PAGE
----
In the United States, the major media hub is the East Coast city of New York. CBS Sports has its headquarters within the Manhattan borough of the city, and NBC Sports, MLB Network, and NHL Network all have their hubs in the metropolitan area (NBC is based in Stamford, Connecticut, while MLB/NHL share the former studios of MSNBC in Secaucus, New Jersey); ESPN is in Bristol, Connecticut, which is roughly equidistant to both New York and Boston. Meanwhile, Turner Sports is based in Atlanta, the capital of the East Coast state of Georgia. Canada's two major media hubs, Toronto (for English-language media) and Montreal (for French-language media), are also both located in the Eastern Time Zone, with the Pacific Time Zone city of Vancouver serving as a secondary programming hub.

The NFL Network and Fox Sports including its cable channel Fox Sports 1 maintain their major broadcast hub in Los Angeles, along with the Pac-12 Networks in San Francisco, though FS1 and the Pac-12 Network's sports rights are limited to the point where they are thought of as an aberration (and Fox Sports itself is the major broadcast partner for college basketball's East Coast-centric Big East Conference). Buccigross wrote that an imbalance is understandable from Eastern writers, considering they are influenced by their close proximity and easier access to the happenings in the East.[5] The East is home to nearly half of the U.S.'s population and is both more densely populated and was settled and developed much earlier than the West.[9]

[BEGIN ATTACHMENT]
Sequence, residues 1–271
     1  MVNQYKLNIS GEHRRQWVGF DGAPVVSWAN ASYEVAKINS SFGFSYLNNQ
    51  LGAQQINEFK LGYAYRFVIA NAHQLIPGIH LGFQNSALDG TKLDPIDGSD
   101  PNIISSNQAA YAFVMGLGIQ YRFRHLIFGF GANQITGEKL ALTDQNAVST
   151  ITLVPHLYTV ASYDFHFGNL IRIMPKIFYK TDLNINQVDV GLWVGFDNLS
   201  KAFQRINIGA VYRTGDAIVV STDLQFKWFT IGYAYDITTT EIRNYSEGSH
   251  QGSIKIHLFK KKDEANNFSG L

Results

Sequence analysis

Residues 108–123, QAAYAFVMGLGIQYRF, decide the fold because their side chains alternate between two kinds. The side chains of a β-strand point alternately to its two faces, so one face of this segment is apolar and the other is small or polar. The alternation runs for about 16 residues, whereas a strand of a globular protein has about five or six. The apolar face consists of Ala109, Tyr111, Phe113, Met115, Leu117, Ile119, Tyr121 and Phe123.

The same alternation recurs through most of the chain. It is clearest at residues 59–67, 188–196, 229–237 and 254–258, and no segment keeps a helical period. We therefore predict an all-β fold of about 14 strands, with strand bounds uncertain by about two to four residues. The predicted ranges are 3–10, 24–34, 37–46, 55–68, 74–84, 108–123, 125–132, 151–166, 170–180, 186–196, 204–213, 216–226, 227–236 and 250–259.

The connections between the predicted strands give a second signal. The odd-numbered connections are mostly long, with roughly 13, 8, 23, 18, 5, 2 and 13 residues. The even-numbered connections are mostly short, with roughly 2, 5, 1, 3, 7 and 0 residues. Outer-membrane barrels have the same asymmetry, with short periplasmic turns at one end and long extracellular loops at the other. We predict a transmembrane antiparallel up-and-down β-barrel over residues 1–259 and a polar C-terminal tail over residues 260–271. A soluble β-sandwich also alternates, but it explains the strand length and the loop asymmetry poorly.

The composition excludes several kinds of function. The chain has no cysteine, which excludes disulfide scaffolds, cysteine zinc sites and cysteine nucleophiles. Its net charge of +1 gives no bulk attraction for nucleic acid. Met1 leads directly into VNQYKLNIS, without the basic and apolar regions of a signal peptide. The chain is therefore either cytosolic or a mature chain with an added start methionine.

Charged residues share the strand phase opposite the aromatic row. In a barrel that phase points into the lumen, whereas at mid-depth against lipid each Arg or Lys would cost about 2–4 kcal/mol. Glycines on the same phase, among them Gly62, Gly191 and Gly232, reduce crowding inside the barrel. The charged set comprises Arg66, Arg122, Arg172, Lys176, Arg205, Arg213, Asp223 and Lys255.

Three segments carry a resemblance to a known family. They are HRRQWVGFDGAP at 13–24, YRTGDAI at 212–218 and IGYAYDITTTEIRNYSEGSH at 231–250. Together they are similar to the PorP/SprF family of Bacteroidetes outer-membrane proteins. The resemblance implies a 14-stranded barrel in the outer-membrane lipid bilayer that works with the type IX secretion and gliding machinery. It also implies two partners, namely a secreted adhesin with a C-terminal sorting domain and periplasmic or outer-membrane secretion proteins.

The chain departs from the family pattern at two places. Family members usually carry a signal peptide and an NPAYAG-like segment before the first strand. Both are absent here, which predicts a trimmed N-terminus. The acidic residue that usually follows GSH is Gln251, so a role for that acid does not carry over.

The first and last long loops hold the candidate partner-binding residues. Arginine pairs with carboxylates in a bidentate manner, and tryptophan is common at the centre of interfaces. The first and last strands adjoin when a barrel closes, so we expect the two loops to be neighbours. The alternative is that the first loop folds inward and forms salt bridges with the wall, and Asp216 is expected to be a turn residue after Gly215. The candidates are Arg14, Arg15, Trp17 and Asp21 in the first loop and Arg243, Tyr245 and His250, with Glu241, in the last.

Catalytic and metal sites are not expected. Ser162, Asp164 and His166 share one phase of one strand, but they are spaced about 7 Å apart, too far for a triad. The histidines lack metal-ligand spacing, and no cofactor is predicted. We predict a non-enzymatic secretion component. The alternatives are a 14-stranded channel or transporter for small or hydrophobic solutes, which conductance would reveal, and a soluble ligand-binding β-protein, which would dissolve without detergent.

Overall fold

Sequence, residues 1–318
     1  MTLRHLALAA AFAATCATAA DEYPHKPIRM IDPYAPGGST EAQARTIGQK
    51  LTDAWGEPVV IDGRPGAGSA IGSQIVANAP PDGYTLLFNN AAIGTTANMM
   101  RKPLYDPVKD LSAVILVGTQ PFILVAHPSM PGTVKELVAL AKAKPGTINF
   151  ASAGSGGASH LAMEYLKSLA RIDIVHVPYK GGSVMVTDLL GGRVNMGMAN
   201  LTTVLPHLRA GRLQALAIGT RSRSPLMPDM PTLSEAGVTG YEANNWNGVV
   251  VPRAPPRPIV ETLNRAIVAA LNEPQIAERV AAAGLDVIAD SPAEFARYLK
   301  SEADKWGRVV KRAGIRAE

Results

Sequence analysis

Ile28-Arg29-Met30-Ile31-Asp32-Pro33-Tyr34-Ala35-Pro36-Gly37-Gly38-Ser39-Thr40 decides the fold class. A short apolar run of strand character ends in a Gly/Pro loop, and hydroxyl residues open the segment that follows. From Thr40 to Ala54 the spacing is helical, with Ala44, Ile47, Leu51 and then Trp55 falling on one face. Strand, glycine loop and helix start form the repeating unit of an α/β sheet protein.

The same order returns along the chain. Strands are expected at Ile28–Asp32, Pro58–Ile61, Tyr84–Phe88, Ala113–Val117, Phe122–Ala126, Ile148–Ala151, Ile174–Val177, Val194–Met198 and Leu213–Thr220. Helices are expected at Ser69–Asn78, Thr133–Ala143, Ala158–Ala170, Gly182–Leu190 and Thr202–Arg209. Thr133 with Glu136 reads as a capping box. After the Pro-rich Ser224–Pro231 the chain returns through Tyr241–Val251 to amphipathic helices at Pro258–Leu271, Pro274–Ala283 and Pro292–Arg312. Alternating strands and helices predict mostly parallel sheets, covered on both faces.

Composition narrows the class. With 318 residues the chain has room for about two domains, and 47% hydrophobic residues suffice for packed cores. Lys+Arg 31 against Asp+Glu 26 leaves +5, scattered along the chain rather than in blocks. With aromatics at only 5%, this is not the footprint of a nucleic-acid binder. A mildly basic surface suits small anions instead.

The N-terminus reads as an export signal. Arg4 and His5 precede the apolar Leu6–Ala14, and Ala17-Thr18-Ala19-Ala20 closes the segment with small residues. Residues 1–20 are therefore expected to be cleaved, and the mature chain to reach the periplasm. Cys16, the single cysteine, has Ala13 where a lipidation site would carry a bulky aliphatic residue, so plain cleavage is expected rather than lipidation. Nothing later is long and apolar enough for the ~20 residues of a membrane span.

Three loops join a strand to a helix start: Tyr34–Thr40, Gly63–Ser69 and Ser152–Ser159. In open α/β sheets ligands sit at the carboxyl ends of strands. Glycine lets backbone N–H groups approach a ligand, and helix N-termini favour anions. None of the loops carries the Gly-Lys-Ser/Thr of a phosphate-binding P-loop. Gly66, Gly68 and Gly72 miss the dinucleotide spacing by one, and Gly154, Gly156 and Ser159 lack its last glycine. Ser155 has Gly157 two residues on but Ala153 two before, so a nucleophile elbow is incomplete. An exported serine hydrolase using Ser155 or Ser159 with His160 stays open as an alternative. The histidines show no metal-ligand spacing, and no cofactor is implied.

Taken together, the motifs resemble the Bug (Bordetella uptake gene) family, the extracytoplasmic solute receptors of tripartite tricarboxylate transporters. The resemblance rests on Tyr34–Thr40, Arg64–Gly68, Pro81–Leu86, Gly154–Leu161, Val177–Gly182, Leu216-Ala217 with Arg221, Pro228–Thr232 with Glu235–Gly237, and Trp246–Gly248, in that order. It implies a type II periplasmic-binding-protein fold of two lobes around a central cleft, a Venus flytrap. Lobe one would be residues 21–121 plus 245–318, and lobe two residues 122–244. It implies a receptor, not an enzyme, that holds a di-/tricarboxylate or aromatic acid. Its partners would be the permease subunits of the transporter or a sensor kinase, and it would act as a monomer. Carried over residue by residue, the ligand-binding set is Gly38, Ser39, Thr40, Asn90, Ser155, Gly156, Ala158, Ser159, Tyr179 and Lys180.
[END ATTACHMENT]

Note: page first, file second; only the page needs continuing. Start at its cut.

Fox Sports sportscaster Joe Buck attributes the shift to the economics of running a business: "If you think there is a perceived East Coast bias, guess what? You're right. That's where people are watching, that's where the numbers are."[10] ESPN ombudsman Le Anne Schreiber wrote that fans should forget about expecting equity in teams the network selects to broadcast. "It is long proven in NBA and NFL and MLB that spreading the wealth to 30 or 32 teams is a prescription for deflating ratings," said Len DeLuca, ESPN senior vice president for programming.[6]

See also[edit]


  1. ^ a b Filice, Gennaro (September 7, 2006). "Hoffman's dominance and Girardi's familiar situation". SI.com. Archived from the original on March 2, 2011.
  2. ^ "East Coast Bias Grows Ever More Apparent". The Hoya. September 12, 2003. Archived from the original on July 17, 2011.
  3. ^ a b Schoenfield, David (August 25, 2003). "The List: 10 cases of East Coast bias". ESPN.com. Archived from the original on June 6, 2011.
  4. ^ a b Will, George F. (1990). Men at Work: The Craft of Baseball. Macmillan Publishing Company. p. 168. ISBN 0-02-628470-7.
  5. ^ a b c Buccigross, John (February 2, 2010). "Time to give the West its due". ESPN.com. Archived from the original on November 7, 2012.
  6. ^ a b Schreiber, Le Anne (August 15, 2008). "Geography lesson: Breaking down the bias in ESPN's coverage". ESPN.com. Archived from the original on June 29, 2011.
  7. ^ Zelkovich, Chris (October 16, 2006). "Campbell adapts to HNIC hot seat". The Star. Toronto. Archived from the original on December 3, 2007. Retrieved 2007-01-10.
  8. ^ Krasovic, Tom (April 13, 2009). "Black tinkers with pitching rotation". The San Diego Union-Tribune.
  9. ^ Verducci, Tom (May 13, 2002). "Case Closed". Sports Illustrated. Retrieved March 3, 2011.
  10. ^ Cesar, Dan (November 5, 2010). "Did "East Coast bias" sink Series ratings?". St. Louis Post-Dispatch. Archived from the original on December 8, 2010.